Amazing Savings, Pho Fusion and hi-fi staying open
Although the owners of The Downtown Market, a business and vendor outlet on 45 S. French Broad Ave., have announced that their mortgage is being foreclosed and that the Downtown Market Consignment, home to over 70 vendors, will be closing June 30, three tenants report that they're staying open.
Amazing Savings store manager Joseph Abousaid says, "The bank is going to honor all the big leases." That includes the grocery, hi-fi Coffee Bar and Pho Fusion.
Downtown Market co-owner Bobby Potts had hoped that First Bank — formerly The Bank of Asheville — would work with current tenants to keep their leases. Of the building's overall fate, he remarked, “We struggled from the beginning just trying to make a go at it and trying to do something that would fit in to the economy.
“We had our loan with the Bank of Asheville. They were actually working with us, [but on] Jan. 21, [the] Federal Deposit Insurance Corp. stepped in and First Bank took over. … The bottom line, to make a very long story short: They want us to pay off the loan, and the building isn’t worth what it was in 2007,” Potts said.
In a letter to the Downtown Market’s tenants explaining the foreclosure, Potts and co-owner Josiah Hyatt attributed the economic downturn to the lack of options the business faces, saying, “There are almost no loans for commercial buildings and new businesses, especially with a shortage now in value, leaving us with no real choices.”
Amazing Savings, hi-fi and Pho Fusion have announced that they've worked out agreements with the bank. Citing the five-year lease that First Bank has said it will honor, Amazing Savings' Abousaid says, "As long as we’re supported by the community, we're going to stay."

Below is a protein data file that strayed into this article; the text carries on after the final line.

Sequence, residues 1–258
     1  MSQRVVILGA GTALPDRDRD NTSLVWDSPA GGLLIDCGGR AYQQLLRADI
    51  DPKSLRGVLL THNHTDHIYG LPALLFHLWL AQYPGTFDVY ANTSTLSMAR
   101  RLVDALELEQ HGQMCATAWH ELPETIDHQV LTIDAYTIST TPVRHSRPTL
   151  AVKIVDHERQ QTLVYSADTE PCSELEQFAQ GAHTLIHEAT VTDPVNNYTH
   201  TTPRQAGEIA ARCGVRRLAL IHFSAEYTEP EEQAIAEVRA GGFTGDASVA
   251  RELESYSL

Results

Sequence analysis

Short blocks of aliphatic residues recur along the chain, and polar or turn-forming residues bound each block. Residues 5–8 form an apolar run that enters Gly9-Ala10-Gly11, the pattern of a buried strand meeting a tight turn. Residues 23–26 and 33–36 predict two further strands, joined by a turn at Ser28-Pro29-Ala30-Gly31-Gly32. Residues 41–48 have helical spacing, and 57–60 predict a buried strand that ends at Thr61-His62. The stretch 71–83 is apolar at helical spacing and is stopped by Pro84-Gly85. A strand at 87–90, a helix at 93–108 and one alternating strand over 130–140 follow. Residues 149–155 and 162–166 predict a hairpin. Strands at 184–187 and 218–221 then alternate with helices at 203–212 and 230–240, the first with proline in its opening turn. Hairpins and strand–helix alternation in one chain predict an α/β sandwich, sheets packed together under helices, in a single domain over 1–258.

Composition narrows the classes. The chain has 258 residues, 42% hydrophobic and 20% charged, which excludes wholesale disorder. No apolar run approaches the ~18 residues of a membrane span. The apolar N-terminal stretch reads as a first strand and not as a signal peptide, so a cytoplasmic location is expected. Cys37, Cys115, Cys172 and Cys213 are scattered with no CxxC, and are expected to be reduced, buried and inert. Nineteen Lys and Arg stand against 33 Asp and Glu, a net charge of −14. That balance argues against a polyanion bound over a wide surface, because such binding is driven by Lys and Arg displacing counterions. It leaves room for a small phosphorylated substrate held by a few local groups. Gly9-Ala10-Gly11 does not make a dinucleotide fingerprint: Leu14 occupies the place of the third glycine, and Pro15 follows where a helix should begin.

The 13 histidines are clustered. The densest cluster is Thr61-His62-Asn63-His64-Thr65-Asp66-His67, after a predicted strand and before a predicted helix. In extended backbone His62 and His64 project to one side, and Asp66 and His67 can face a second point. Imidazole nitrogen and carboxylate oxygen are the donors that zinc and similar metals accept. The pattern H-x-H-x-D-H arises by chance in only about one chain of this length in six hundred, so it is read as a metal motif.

— Joseph Chapman
Saving Blair Mountain
More than 1,000 people, including Asheville-area residents like activist Clare Hanrahan, gathered in Blair, W.Va., on Saturday, June 11, at the base of historic Blair Mountain to rally for the abolition of mountaintop removal, strengthened labor rights, the protection of the mountain and investment in a sustainable local economy for Appalachia.
In 1921, scores of miners lost their lives at Blair Mountain when the coal companies teamed up with local law enforcement and federal officials to put an end to a strike and attempts to unionize. Asheville photographer Jerry Nelson and other area residents took part in a five-day, 50-mile march that ended with a rally at the historic site.
The marchers' aim was to convince state officials to follow through with efforts to give the site a historic designation and to protect it from proposed mining that would likely level the mountain.
Robert F. Kennedy Jr. took part, telling marchers, “When I was 14 my father said to me, ‘… There is no way you can regenerate an economy from these barren moonscapes that are left behind and they are doing it so they can break the unions,’ and that is exactly what happened.”
Following the same route that 10,000 union coal miners took in 1921 on their way to organize non-union Mingo County, marchers placed a memorial to the 1921 miners on the original battleground.
— Margaret Williams